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Survivability is the ability to remain alive or continue to exist. The term has more specific meaning in certain contexts.



In engineering, survivability is the quantified ability of a system, subsystem, equipment, process, or procedure to continue to function during and after a natural or man-made disturbance; e.g. nuclear electromagnetic pulse from the detonation of a nuclear weapon.

For a given application, survivability must be qualified by specifying the range of conditions over which the entity will survive, the minimum acceptable level or post-disturbance functionality, and the maximum acceptable outage duration.[1]

Military survivability

In the military environment, survivability is defined as the ability to remain mission capable after a single engagement. Survivability comprises three elements:

  • Susceptibility - the likelihood of being detected, identified, and hit
  • Vulnerability - the effects of being hit by a weapon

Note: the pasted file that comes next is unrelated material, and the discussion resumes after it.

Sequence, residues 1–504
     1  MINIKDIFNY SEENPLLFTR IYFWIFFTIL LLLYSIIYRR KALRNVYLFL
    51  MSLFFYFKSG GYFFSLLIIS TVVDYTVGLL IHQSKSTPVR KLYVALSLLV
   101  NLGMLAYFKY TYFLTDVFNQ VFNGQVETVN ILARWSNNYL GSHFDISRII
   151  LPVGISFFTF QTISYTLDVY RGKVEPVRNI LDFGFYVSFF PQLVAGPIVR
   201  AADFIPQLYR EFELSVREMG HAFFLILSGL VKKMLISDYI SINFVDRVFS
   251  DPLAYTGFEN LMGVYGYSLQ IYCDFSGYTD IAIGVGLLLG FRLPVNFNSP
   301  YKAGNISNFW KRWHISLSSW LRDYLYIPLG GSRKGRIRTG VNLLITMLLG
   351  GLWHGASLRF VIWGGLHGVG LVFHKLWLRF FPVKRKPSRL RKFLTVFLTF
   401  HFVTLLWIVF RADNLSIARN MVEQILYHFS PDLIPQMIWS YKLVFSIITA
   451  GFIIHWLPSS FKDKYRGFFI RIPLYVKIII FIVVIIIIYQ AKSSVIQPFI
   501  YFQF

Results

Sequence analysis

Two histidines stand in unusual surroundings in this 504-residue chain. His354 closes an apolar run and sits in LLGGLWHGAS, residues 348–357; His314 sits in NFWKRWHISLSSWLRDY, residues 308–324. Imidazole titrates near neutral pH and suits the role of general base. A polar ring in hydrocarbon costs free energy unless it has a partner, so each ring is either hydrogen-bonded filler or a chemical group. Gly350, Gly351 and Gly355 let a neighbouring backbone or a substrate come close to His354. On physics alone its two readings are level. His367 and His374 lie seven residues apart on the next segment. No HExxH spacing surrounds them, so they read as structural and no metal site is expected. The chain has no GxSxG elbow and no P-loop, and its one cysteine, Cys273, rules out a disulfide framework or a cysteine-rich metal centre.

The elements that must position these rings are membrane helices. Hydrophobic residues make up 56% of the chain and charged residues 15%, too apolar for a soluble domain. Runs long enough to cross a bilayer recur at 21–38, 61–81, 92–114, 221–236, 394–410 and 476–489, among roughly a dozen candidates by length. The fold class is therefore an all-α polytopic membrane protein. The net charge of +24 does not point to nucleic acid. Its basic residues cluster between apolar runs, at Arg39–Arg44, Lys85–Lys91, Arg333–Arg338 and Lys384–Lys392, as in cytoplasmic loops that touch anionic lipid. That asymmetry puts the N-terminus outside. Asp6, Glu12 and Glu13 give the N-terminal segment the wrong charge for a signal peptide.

• Recoverability - longer term post hit effects, damage control and firefighting, capabiltiy restoration or (in extremis) escape and evacuation.

The European Survivability Workshop introduced the concept of "Mission Survivability" whilst retaining the three core areas above, either pertaining to the "survivability" of a platform through a complete mission, or the "survivability" of the mission itself (i.e. probability of mission success). Recent studies have also introduced the concept of "Force Survivability" which relates to the ability of a force rather than an individual platform to remain "mission capable".

There is no clear prioritisation of the three elements; this will depend on the characteristics and role of the platform. Some platform types, such as submarines, minimise their susceptibility and may to some extent compromise in the other areas. Main Battle Tanks minimise vulnerability through the use of heavy armours. Surface warship designs tend to aim for a balanced combination of all three areas.

Naval survivability

Survivability denotes the ability of a ship and its onboard systems to remain functional and continue designated mission in a man-made hostile environment.[2] The naval vessels are designed to operate in a man made hostile environment, and therefore the survivability is a vital feature required from them. The naval vessel’s survivability is a complicated subject affecting the whole life cycle of the vessel, and should be considered from the initial design phase of every war ship.[3]

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